When I proudly returned to The University of Oklahoma, eight years ago, I had little idea of what to expect and even less of how to make an impact. Every industry, much less individual organization, has norms based on commonly held values and experiences, and having come from the private sector with no previous experience working in academia, I fully knew this would take time to learn; a reminder I was given on my “first” day, March 3rd, 2014, when my new boss called me the night before to inform me not to come to the office the next day, the University was closed for a “Snow Day”, my first since high school.
That didn’t mean there weren’t plenty of people, on both sides, who were willing to tell me how the two cultures differed, but after listening to a few and ignoring a lot, it seemed to come down to two main points, time and money, it always does. Often corporations work on timescales built around artificial deadlines, such as the next quarter’s profits. While this focus has benefits, it often means sacrificing long term strategy and goals for the sake of immediate returns. This can become particularly dangerous when it comes to solving big problems with disruptive solutions, a reason startup companies are often responsible for the next generation products rather than the established market leaders. Universities, while perceived as slower, have in fact found mechanisms to nurture creativity and big broad thinking; however, this can come at a cost, literally. Learning and trying new things means failure is expected, and with failure comes financial costs which may not be recouped. Companies on the other hand are typically extremely efficient at growing sources of profit and eliminating sources of undue cost. What it seemed to boil down to was that the two groups saw value as derived from two different sources, Universities’ – Knowledge and Companies’ – Financial Returns.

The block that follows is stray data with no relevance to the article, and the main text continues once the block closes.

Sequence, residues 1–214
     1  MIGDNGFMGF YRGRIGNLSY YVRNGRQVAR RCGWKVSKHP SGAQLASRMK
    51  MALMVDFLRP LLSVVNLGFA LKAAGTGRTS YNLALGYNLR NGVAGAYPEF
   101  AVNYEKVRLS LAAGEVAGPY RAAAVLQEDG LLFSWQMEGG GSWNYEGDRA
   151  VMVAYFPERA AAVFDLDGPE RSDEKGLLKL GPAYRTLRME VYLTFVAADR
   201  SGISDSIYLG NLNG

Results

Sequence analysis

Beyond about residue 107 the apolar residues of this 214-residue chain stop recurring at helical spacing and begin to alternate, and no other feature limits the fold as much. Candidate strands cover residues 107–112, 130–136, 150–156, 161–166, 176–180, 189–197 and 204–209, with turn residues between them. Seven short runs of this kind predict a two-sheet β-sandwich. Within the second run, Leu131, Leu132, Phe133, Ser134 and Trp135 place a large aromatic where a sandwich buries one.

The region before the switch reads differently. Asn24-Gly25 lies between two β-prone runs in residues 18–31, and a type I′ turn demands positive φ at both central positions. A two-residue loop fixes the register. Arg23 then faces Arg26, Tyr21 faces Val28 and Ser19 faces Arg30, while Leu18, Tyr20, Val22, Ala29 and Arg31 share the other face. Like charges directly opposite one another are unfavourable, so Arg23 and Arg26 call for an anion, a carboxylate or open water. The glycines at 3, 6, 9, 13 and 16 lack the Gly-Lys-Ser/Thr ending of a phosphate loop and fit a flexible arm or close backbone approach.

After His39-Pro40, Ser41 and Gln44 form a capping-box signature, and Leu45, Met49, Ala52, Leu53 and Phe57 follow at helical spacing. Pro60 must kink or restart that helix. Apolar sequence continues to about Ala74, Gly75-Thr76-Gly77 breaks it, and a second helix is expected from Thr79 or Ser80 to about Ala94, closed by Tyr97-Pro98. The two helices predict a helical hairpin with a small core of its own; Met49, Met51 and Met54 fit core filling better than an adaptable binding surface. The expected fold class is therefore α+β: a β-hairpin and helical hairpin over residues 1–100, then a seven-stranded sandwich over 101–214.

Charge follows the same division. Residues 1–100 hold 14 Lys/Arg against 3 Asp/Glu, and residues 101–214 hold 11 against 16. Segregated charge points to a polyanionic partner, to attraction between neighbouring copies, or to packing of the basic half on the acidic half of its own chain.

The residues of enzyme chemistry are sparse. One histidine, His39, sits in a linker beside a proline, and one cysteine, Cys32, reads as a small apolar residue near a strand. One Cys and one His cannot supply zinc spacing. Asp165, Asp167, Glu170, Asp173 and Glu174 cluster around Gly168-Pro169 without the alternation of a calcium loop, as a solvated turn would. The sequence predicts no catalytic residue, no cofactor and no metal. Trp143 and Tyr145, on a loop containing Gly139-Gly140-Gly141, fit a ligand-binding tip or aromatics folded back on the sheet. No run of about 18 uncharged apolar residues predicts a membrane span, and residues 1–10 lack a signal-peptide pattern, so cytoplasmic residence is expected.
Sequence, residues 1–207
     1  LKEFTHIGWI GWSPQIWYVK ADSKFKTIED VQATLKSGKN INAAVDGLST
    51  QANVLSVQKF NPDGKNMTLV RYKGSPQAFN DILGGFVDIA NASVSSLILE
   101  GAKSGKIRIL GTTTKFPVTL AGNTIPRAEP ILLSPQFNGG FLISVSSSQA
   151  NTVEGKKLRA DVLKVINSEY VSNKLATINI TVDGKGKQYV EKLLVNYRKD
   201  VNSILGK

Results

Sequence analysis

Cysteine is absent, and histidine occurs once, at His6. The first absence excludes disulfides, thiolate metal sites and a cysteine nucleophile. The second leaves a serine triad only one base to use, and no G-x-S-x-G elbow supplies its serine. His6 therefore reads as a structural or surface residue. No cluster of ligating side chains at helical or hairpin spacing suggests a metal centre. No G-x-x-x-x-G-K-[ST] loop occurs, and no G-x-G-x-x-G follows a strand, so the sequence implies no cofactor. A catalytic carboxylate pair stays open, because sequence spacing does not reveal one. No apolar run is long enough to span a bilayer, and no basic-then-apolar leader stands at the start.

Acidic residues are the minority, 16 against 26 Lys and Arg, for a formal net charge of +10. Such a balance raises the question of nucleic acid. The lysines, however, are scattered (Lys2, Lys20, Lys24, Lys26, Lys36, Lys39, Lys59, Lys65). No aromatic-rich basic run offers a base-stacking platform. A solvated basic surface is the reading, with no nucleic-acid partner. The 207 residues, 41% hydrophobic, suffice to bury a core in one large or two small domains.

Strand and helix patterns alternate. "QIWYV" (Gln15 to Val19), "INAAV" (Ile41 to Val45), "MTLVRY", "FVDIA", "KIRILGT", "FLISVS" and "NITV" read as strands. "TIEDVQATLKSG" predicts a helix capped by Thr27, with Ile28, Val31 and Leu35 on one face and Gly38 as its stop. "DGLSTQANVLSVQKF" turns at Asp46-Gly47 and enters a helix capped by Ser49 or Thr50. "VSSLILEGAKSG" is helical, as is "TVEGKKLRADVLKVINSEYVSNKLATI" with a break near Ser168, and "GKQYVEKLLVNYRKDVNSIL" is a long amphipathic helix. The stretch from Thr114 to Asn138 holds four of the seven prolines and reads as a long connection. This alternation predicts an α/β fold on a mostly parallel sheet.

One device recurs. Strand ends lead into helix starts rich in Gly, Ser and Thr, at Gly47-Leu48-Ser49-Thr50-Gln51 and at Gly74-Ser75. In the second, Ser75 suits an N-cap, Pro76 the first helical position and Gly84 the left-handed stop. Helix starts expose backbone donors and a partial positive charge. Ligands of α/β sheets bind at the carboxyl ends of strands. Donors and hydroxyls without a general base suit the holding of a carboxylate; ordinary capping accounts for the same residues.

This type of divide is not unique to these entities, and both are correct for their circumstances, however working in an office, Technology Commercialization, whose goal is two cross this divide, a solution was needed. Trying to translate one unit of value into another is possible and done, anyone remember the money exchange booth in the international terminal of the airport, but often requires a leap of faith and a lot of speculation. “Our Intellectual Property will be a key competitive advantage on this yet to be developed product and will be worth your upfront and continued development investment” or “Disclosure will result in returns from licensing or new research collaborations”, are both possibly true, but understandably challenging to convince their respective audiences. Therefore, rather than a direct translation, a common language or goal is needed. To me this is best defined by one word – IMPACT.
They may say it slightly differently, but both groups are looking to have an IMPACT. At their core universities desire to better society through education and creative activities. Companies look for both broad and fanatical adoption of their products by customers. Universities work to solve big far horizon problems with novel solutions, and companies are built on years of efficient practices of delivering solutions for which customers are willing to pay. Both are critical in maximizing Impact. Whether it’s a new therapeutic to treat an orphan disease, improving storm warning lead times, or delivering real-time interventions to help people quit smoking, commercializing products that impact customers, and collectively society, require both approaches. Thus while the cultures may differ, the goal is the same, and it is the complimentary competencies that allow us all to have IMPACT!